British Journal of Renal Medicine - 2008

Comment: Small steps and giant footprints
John Bradley
pp 3-3
The majority of patients receiving hospital-based dialysis rely on patient transport services. Sarah Griffiths and Richard Fluck show that travelling continues to add considerably to the treatment time of some patients, and travel to and from dialysis units remains one of the major concerns for patients.
Fistula cannulation – the buttonhole method
James A Milburn, Ewan M Macaulay, Jacqueline Annand, Jacqueline Ross, Anne Humphrey and Nick Fluck
pp 4-7
Many worldwide initiatives currently aim to increase the proportion of haemodialysis patients with autogenous arteriovenous fistulae (AVF) due to their superior long-term patency rates compared with prosthetic grafts. AVF survival depends on a number of surgical and haematological considerations but also on the method of cannulation. A number of different methods of AVF cannulation have been described, of which the rope-ladder and area puncture (AP) are most commonly used. Recently there has been interest in the constant site, or buttonhole (BH), method, included for the first time in the 2006 National Kidney Foundation Kidney Disease Outcomes Quality Initiative (KDOQI) guidelines.
Insurance for people with chronic kidney disease
Hugh Gallagher, Kevin Somerville and Donal ODonoghue
pp 8-11
The introduction of estimated glomerular filtration rate (eGFR), using the abridged modification of diet in renal disease (MDRD) formula, and the adoption of the National Kidney Foundation Kidney Disease Outcomes Quality Initiatives (KDOQI) classification of chronic kidney disease (CKD), have highlighted the high prevalence of this condition. It is estimated that 8.5% of the UK population have stage 3 to 5 CKD, with over 90% of these in the stage 3 category (eGFR 30–60 ml/min/1.73 m2).
Phosphate binders: dietetic management using PGDs
George H Hartley
pp 12-14
Dietitians play a central part in managing bone biochemistry in chronic kidney disease (CKD). Traditionally, their role has been limited to providing dietary advice on how to reduce phosphate intake, while medical staff prescribe phosphate binder medication. Although dietitians may feel well placed to advise on phosphate binder medication, their involvement in this area is strictly controlled by the Medicines Act 1968 and other secondary legislation. Unlike medical staff, dietitians are not permitted to order, in writing, the supply of medicine or to authorise their supply by means of an NHS prescription.
What I tell my patients about renal bone disease
Andrew Connor
pp 15-18
Chronic kidney disease (CKD) has been classified as having five stages. Stage 1 describes mild disease and stage 5 describes severe disease. As CKD progresses in severity, its effects on the rest of the body become apparent. The bones are an area that may be affected. Patients with CKD may develop a number of different types of bone problems. These are collectively known as renal bone disease (sometimes called renal osteodystrophy). Renal bone disease (RBD) is a complex problem. This article explains the different types of renal bone disease and their treatments.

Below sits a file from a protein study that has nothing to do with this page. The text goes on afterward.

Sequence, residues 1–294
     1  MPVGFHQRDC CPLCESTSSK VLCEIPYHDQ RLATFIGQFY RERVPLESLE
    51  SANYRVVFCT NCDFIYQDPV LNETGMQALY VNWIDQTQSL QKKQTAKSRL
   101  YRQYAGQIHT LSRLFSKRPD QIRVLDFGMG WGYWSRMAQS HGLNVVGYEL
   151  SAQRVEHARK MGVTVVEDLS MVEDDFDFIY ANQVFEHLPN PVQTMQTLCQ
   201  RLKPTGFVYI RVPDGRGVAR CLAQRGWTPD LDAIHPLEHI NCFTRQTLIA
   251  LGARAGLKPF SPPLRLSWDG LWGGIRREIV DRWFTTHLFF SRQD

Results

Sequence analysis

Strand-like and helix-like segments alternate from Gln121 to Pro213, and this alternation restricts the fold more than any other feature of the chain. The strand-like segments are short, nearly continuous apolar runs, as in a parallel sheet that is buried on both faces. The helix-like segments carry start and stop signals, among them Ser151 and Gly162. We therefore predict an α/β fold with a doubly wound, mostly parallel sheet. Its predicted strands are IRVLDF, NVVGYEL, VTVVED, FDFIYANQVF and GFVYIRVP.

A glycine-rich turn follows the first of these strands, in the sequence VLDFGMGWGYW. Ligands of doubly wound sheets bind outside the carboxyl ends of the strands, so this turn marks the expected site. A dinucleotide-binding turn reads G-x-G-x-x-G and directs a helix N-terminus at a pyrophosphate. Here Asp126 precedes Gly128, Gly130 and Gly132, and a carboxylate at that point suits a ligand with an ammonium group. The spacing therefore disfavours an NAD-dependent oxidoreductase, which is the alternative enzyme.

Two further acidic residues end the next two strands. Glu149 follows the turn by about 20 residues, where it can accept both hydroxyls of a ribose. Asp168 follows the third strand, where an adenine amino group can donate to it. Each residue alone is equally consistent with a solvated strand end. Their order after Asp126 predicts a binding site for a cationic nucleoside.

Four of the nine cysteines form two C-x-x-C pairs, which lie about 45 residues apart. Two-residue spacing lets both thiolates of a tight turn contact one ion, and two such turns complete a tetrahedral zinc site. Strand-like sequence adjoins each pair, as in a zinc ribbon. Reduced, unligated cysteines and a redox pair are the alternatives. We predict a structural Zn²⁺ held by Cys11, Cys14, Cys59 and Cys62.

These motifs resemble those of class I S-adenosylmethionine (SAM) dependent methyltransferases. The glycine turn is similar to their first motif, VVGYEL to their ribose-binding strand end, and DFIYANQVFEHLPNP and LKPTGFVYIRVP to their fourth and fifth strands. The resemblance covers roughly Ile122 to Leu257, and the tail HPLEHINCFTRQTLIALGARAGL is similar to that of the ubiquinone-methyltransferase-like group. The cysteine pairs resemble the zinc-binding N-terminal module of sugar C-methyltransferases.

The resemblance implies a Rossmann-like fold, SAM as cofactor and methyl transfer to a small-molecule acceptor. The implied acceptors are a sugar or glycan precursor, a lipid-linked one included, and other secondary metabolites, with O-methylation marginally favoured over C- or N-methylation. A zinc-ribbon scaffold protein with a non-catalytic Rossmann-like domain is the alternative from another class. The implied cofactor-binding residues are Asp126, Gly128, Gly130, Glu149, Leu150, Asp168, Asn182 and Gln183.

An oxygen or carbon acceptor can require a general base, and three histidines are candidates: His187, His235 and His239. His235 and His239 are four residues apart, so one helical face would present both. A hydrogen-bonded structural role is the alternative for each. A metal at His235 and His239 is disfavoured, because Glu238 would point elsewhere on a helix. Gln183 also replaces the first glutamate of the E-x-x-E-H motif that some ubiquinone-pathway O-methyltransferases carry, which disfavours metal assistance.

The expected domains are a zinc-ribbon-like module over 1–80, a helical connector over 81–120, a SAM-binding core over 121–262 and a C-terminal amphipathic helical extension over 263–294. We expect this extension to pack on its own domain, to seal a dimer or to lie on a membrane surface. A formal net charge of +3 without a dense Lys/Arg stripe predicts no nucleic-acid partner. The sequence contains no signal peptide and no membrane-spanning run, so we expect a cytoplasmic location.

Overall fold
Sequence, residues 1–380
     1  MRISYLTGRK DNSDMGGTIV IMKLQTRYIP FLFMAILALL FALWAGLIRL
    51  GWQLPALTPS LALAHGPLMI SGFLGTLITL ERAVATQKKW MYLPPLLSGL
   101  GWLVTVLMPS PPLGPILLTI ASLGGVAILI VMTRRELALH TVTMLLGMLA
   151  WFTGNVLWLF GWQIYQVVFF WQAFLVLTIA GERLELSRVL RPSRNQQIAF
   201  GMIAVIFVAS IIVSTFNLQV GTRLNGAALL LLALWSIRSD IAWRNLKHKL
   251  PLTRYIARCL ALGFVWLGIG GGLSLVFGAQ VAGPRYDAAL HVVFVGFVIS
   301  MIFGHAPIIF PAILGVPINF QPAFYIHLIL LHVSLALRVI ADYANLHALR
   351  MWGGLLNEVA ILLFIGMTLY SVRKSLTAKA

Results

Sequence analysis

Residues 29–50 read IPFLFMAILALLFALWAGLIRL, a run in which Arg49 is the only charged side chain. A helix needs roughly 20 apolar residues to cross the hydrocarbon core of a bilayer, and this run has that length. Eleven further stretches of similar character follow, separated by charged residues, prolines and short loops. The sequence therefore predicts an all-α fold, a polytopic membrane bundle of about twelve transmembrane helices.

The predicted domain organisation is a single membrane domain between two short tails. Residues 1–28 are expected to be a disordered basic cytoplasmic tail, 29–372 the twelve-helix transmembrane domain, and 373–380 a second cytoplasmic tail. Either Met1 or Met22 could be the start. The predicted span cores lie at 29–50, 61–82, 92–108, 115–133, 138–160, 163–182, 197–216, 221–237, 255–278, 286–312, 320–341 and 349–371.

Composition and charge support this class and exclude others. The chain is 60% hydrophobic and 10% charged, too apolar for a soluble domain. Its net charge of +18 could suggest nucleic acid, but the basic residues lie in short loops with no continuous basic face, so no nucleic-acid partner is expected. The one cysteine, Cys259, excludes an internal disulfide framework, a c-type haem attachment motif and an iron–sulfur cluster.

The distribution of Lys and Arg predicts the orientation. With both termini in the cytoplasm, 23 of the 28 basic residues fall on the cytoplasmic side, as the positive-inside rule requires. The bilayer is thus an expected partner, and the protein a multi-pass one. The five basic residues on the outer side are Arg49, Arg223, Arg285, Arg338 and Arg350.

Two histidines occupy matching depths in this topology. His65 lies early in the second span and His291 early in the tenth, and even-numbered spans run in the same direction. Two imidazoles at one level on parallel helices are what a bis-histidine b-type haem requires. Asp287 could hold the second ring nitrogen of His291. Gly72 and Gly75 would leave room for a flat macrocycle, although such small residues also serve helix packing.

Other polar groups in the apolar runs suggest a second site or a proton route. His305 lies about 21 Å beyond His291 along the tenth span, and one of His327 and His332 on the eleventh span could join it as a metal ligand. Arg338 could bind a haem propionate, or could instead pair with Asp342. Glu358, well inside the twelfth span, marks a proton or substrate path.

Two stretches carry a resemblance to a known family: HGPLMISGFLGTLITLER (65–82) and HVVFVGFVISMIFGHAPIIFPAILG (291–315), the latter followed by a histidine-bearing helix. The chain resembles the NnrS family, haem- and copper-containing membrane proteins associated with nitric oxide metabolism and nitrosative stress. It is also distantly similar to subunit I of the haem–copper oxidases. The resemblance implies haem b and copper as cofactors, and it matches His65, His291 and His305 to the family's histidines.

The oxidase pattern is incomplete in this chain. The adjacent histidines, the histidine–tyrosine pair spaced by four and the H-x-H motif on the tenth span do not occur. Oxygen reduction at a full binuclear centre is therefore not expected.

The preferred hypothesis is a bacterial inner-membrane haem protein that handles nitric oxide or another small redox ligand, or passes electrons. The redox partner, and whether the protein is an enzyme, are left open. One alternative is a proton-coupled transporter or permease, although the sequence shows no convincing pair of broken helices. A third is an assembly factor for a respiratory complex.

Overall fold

Acute kidney injury – best practice and staging system
Robert Mactier
pp 19-21
Acute renal failure is a clinical syndrome resulting from a rapid reduction in renal excretory function and may be caused by a wide range of prerenal, renal (intrinsic) and postrenal causes. Acute kidney injury (AKI) has been adopted as the term to describe the full spectrum of acute renal failure. Acute tubular necrosis (ATN) is the cause of more than 75% of all episodes of AKI. The reported incidence and clinical outcomes of AKI vary widely and depend upon the criteria used to define AKI and the population under observation.
ABLE in Leicester: South Asians and renal disease
Azhar Farooqi, Neerja Jain and John Feehally
pp 22-25
In the UK, the prevalence of established renal failure (ERF) is at least three times greater among people with a South Asian background than the native white population. This is in part due to the higher prevalence of type 2 diabetes, which is four times more common among South Asians. Kidney failure as a complication of diabetes is ten times more common in South Asians compared with white populations.
Efficacy of transport services for patients on dialysis
Sarah Griffiths and Richard Fluck
pp 26-28
Consistent with national and international trends, the number of patients on dialysis is increasing by 6–8% per annum. This is in part due to the aging population, with many more elderly patients now receiving dialysis. Haemodialysis is a lifesaving treatment, but one which, for many, is also aggressive and tiring. Most hospital haemodialysis patients dialyse three times a week for an average of three or four hours per session. Delays in transport to and from dialysis further disrupt patients’ lives and can jeopardise compliance with treatment altogether.
Comparing transplant practice in Spain and the UK
Victoria Gonzalez Martin, Manuel Arias and Martin Drage
pp 29-31
Organ transplantation is a well established treatment for irreversible renal, cardiac and liver failure, as well as for some respiratory diseases, which is limited by a shortage of organs. A reluctance of families to give consent for the donation of organs contributes to this shortage. Strategies to increase the rates of organ donation must include increasing both cadaveric and living donation. Living donation can be increased by the use of kidneys and livers from living-related donors, living-unrelated donors, paired donors and altruistic donation.

The British Journal of Renal Medicine was previously supported by Baxter Healthcare from 2011 to 2013, by Sandoz in 2011, by Shire Pharmaceuticals from 2006 to 2011, by Ortho Biotech and Shire Pharmaceuticals in 2005, by Ortho Biotech from 2000 to 2005 and by Janssen Cilag from 1996 to 2000.

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